The new law provoked a storm of protest, even from those politicians propped up by Delhi in Kashmir. But the home ministry, acting as if the situation was absolutely normal, went ahead and announced the rules for getting the new domicile certificate on 19 May.
The day after the home ministry stunned Jammu and Kashmir with the new law, another development took place, this time in Delhi. The police arrested Meeran Haider, a PhD student at Jamia Milia Islamia. It was a week into the lockdown, and Haider, president of the Delhi youth wing of the Rashtriya Janata Dal, was providing food to the needy.
The charge against him? Inciting the communal riots that had taken place in Delhi more than a month earlier.
The Delhi Police, which reports to the home minister, had been arresting people for the February 23-26 riots all through March. On 11 March, the home minister told the Lok Sabha that more than 700 FIRs had been filed in connection with the riots, and 2647 persons arrested. He also spoke of future arrests in connection with the "conspiracy’’ to foment the riots.
Actually, Amit Shah’s speech in the Lok Sabha on the Delhi riots is all you need to recall to understand both the bewildering series of arrests over the last few weeks in Delhi, as well as Shah’s supposed "disappearance’’ from the news during the lockdown.
In his 50-minute speech, the home minister explained the "conspiracy’’ behind the Delhi riots. He traced the violence to the way the youth and minorities had been "misled’’ about the provisions of the CAA. Specifically, he quoted three speeches:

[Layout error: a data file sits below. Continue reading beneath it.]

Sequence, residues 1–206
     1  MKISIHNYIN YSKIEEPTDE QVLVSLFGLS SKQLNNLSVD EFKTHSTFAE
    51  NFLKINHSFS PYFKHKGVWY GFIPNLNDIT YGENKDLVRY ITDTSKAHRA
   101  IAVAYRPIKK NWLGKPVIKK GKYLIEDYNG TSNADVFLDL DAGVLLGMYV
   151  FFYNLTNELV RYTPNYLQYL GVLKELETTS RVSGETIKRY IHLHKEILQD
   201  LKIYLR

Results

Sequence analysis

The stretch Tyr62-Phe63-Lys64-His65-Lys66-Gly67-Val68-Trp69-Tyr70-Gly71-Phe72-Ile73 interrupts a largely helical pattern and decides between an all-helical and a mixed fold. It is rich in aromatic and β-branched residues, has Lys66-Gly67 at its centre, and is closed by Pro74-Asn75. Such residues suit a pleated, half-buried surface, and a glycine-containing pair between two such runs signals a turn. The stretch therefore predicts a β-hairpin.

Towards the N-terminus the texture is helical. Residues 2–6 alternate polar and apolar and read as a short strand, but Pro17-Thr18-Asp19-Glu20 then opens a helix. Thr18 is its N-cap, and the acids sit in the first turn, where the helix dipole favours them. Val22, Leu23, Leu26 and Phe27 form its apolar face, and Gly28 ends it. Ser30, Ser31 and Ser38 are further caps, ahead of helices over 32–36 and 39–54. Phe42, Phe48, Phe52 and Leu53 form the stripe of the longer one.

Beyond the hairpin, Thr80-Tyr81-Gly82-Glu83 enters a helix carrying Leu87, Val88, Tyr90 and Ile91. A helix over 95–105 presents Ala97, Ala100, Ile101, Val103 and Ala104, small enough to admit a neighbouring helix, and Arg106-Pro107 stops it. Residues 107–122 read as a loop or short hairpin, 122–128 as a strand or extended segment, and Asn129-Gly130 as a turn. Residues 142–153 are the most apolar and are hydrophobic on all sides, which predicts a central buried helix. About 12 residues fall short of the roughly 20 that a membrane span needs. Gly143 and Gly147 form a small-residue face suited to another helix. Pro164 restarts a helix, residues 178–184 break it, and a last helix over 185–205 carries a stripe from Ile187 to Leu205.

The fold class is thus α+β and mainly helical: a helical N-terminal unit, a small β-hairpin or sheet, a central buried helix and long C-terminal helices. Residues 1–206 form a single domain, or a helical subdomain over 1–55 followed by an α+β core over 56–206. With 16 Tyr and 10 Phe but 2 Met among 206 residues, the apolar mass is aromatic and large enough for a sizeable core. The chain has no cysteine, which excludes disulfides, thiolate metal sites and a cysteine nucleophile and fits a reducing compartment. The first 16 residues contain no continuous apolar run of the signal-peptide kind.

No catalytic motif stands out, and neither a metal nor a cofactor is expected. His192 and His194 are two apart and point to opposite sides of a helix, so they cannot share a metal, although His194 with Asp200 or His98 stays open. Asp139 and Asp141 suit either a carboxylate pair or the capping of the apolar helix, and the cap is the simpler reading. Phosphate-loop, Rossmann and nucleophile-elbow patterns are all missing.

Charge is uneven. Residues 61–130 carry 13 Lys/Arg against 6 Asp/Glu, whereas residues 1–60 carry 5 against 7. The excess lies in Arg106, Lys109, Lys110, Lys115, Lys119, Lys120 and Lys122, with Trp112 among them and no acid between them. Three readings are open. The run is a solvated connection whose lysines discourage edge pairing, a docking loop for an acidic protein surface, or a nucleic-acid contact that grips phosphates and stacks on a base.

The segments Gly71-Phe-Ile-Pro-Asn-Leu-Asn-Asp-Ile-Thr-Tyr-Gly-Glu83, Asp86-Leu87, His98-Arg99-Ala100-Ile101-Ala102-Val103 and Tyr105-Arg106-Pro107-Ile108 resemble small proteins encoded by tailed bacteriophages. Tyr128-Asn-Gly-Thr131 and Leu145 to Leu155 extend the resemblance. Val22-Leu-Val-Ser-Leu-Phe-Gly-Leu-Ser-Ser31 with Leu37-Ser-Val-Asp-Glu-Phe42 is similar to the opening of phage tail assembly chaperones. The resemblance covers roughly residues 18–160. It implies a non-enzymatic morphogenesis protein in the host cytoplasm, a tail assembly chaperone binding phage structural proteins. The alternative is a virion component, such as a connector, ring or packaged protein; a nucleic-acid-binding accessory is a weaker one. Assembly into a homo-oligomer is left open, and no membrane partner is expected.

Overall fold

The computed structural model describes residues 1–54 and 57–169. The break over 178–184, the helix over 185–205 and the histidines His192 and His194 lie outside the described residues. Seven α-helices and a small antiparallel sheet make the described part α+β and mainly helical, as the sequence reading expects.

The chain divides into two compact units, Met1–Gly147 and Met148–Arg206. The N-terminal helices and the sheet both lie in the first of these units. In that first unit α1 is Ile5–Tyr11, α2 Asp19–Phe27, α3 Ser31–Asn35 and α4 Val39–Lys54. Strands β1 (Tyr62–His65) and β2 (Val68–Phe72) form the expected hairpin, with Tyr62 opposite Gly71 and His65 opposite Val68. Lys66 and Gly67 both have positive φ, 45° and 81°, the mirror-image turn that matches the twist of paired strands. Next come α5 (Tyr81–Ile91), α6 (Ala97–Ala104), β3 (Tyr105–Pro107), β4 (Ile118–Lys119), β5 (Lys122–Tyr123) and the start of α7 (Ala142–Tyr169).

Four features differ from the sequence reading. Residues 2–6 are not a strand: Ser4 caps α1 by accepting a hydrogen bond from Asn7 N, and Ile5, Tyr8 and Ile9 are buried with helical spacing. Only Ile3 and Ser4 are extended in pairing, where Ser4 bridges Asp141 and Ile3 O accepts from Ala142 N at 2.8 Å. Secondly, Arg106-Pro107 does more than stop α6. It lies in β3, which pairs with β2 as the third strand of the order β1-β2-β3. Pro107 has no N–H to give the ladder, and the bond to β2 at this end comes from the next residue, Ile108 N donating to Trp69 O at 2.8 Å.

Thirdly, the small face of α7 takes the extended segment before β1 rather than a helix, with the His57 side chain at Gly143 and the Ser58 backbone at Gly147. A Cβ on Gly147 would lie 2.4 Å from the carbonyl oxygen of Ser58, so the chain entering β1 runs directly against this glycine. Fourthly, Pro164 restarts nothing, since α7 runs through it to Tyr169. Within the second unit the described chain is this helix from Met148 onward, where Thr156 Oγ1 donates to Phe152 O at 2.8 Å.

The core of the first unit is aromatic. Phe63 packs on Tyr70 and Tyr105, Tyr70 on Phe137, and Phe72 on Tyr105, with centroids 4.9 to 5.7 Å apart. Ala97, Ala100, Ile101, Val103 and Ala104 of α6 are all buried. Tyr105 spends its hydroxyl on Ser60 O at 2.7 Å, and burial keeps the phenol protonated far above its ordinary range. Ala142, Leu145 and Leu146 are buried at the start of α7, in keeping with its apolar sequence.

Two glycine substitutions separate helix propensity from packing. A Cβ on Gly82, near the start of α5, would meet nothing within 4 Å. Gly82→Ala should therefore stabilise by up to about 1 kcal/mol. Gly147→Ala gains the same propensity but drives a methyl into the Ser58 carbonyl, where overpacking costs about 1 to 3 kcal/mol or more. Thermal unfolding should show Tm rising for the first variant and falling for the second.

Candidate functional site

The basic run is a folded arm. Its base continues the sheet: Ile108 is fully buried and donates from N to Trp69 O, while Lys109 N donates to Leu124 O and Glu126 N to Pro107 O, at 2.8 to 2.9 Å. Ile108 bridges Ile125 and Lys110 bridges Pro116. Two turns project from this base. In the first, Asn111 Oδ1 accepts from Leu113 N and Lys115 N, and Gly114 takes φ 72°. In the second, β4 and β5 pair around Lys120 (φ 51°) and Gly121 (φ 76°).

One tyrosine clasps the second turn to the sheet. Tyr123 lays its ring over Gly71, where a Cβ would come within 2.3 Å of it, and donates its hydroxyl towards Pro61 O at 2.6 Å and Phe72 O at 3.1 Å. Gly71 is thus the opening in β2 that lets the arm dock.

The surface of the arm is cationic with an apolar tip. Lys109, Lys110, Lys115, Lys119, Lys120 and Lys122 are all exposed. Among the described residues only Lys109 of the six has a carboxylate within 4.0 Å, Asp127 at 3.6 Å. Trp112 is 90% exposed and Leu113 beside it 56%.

1. Sonia Gandhi’s 14 December speech at the "Bharat Bachao Rally’’ held by the Congress at Ram Lila Maidan, where she exhorted people to come out on the roads and wage an "aar ya paar’’ struggle for their very existence.
The Congress president, in fact, spoke of the need to struggle against the troubles affecting every section of the population, and mentioned the CAA only at the end. Shah laid it out as if her speech was only about the CAA and pointed out that two days after it, the Shaheen Bagh protest began. "It was from here that all this started,’’ said the home minister.
2. A 17 February speech made by a member of the organisation 'United Against Hate' at an anti-CAA rally in Amravati, where the speaker (the home minister did not name him) exhorted the audience to block the streets against the government during Donald Trump’s visit. An FIR was registered as early as 6 March against ex-JNU scholar Umar Khalid, founder-member of United Against Hate, linking this speech to the Delhi riots.